I don’t think I have five different kinds of cheese in my house.

But I do think I have at least five different kinds of kids. And they all have the greatest stories.

Some of them are even true.

Want to read the newspaper story about the cheese thief? You can read it right here.

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Gonna Stomp Me Some Kittens, Right Soon.


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kittenOne of our cats, Louie, is not a boy cat. We know this because kittens sprouted on her teats six weeks ago, to my horror and the girls’ joy.

Louie now sports the moniker “Lulu.”

It all began in a semi-nasty puddle on my old wedding dress, which I’ll admit was no actual tragedy. Unlike some anal-retentive brides, I’d never gone to great – or any – lengths to preserve what had once, in my lily-of-the-valley childhood insanity, been the biggest dress in the room.

It wasn’t even hanging up, to tell you the truth. One thing Lu knows, though, is the importance of comfort. Silk fluffiness? She’s all over it, literally – at least until she got sick of her claws catching in the tulle. As a matter of fact, that was just how I felt that day. Except I could kick off my heels and be the barefoot bride, scandalizing my family.

Lu, not caring about scandalizing anyone, simply snuggled up and oozed all over the thing.

Still – like I said: no tragedy. I’m ludicrously small, at five-foot, one inches tall, a size six on my fat days. Everyone is bigger than I am. Strangely, even as an adult, nodding acquaintances are often seized by the extremely annoying urge to lift me up in the air. Formal announcement: this is only fun for me when Peter does it. Otherwise, it is officially creepy.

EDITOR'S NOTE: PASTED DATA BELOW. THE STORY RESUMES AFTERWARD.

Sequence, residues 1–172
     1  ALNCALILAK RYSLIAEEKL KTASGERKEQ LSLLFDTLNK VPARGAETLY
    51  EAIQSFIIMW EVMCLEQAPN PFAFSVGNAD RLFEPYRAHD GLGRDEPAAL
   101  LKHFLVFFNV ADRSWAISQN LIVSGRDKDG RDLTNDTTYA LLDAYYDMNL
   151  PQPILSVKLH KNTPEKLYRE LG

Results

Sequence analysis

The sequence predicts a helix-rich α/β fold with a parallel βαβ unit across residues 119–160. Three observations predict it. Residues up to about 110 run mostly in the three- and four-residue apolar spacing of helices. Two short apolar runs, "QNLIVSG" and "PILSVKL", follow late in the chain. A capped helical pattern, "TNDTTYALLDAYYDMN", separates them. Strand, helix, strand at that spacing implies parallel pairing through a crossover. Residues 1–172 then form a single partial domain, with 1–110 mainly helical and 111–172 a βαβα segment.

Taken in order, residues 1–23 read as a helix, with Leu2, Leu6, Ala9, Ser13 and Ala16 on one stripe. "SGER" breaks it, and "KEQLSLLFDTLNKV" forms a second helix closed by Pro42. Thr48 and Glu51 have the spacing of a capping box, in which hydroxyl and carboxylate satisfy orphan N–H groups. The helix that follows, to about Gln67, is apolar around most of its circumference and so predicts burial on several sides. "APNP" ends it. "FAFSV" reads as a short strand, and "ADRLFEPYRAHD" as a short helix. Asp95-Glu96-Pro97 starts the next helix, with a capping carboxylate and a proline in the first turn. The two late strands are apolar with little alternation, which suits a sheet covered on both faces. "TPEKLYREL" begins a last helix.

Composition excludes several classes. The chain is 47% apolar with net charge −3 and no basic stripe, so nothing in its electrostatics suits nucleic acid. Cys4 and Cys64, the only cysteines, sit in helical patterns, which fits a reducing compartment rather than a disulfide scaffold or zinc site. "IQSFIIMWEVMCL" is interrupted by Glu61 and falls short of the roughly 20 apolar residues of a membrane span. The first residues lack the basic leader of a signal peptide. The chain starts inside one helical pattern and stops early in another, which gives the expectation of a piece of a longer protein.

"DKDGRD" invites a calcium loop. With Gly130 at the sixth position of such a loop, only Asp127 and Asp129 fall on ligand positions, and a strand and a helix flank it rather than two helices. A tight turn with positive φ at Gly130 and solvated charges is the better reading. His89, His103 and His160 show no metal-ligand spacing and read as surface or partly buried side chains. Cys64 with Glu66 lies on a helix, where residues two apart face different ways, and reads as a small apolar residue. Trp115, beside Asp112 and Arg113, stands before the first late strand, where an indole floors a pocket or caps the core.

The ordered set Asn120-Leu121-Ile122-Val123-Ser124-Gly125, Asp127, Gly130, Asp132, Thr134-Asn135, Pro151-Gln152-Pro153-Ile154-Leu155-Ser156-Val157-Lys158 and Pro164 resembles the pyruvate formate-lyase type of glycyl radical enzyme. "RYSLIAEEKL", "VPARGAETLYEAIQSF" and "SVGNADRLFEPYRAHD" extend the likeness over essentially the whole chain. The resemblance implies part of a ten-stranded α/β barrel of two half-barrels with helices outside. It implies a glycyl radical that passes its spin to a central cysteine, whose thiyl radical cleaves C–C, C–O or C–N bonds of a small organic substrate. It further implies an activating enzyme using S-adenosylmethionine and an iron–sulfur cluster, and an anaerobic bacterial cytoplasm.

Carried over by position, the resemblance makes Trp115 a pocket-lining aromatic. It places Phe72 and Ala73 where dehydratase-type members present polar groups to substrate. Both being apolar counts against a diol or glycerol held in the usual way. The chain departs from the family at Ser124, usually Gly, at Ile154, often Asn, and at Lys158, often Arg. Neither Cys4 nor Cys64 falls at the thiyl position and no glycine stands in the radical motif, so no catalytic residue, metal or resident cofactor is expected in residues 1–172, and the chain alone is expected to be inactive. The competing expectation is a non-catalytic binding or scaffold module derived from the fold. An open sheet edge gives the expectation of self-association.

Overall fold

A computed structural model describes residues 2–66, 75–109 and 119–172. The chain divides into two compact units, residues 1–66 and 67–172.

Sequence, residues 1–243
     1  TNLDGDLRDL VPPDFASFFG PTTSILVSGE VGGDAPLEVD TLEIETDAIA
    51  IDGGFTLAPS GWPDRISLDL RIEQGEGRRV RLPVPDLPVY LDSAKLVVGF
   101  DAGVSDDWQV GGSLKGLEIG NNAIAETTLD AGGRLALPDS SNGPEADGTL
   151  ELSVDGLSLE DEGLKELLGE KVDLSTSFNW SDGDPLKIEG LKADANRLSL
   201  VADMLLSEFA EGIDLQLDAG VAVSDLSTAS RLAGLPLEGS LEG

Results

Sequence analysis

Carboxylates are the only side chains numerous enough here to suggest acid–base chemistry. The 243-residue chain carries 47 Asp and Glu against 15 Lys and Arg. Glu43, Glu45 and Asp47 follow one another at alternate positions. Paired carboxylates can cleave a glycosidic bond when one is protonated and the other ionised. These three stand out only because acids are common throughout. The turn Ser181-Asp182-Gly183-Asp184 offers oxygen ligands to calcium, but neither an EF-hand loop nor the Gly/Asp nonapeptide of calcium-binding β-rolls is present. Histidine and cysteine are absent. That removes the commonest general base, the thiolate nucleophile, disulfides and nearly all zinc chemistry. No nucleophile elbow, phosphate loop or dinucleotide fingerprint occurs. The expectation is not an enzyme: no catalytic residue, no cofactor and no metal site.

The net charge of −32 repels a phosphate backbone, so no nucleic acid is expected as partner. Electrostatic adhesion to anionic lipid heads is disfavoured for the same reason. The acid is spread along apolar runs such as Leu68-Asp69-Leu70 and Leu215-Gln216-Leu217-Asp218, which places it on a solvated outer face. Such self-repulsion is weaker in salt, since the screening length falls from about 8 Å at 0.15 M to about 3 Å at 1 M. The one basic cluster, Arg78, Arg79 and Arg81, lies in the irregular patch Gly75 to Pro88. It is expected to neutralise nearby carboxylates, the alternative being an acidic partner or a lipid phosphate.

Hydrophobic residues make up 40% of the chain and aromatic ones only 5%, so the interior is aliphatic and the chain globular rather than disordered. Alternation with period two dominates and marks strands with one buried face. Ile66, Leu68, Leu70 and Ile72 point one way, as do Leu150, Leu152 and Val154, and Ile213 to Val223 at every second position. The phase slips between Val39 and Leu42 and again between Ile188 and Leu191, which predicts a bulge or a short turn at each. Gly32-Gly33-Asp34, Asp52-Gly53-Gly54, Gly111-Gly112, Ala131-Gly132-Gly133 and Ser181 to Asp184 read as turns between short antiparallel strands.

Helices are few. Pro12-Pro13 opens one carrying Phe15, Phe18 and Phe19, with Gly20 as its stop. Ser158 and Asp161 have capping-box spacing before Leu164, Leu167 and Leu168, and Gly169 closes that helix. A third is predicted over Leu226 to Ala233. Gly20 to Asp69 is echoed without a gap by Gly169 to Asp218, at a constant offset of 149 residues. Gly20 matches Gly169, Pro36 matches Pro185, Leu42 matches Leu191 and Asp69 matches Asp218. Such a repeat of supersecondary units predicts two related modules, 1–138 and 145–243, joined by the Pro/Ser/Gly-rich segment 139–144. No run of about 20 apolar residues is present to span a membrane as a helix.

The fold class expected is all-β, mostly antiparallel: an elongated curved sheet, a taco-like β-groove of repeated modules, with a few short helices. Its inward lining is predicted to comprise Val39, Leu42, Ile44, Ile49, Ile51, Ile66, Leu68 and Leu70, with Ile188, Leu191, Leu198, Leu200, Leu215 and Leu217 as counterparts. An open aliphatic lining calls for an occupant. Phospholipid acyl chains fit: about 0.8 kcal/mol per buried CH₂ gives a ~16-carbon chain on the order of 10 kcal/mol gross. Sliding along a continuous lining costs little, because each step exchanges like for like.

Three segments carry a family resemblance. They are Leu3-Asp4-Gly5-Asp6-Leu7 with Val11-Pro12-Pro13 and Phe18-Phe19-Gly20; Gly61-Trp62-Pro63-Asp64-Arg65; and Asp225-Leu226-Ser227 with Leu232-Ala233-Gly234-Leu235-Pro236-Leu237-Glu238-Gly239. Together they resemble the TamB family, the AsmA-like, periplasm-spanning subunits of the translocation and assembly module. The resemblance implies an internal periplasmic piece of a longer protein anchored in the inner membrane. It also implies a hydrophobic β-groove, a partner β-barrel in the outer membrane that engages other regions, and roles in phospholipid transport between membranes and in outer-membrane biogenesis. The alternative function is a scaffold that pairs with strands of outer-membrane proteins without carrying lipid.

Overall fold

My daughters? Not only are people bold enough to take me in their meaty paws and bench me, they are also bold enough to say things like: “Holy cow, they don’t look a thing like you. Does that bother you?”

As if I would burst into tears and unload right there to them if it did, which of course, it doesn’t. Neither of them look anything like me, nor do they look anything like each other. The three of us, together, look like the random assembly of pieces you use when you lose the top hat, the racecar and the other metal game bits in Monopoly and have to make do with whatever’s lying around. We like that about us. Variety.

The one thing they DO have in common, that they DON’T have in common with me is that they’re tall. They’re built like their dad’s side of the family. Even their maternal grandmother is five-ten. My eleven-year-old is already a few inches taller than I am. My nine-year-old is catching up. So the prospect of either one of them ever wearing the aforementioned wedding dress is laughable. Almost as laughable as the idea of those sleeves ever coming back into style.

The best they’d get out of it would be a sentimental hanky scrap. So we’re still fine; there must be an ooze-free section left.

Amongst the ooze, though, slept how many? Three, four, oh, no! Five, count ’em, five! Five kittens. I’d never seen kittens this new; uglier creatures – besides my own newborns – I’d never seen.

Newborns are hideous; there’s a reason the body floods a new mother with hormones that make her go giddy-stupid with love. They’re covered with something that looks like ricotta cheese. They’ve just gone through the equivalent of a pasta maker, which is not the best look for a creature whose skull is still soft. Their skin has not yet settled on which color it wants to be, so it’s still experimenting with the cooler shades of the color wheel, like purple and blue. Their eyes are squeezed shut, giving them an angry-looking grimace, and they’re usually crying.

Nevertheless, biologists have determined – I know this, because my kids are addicted to the Discovery Channel – that we are wired to find all this overwhelmingly, compellingly adorable.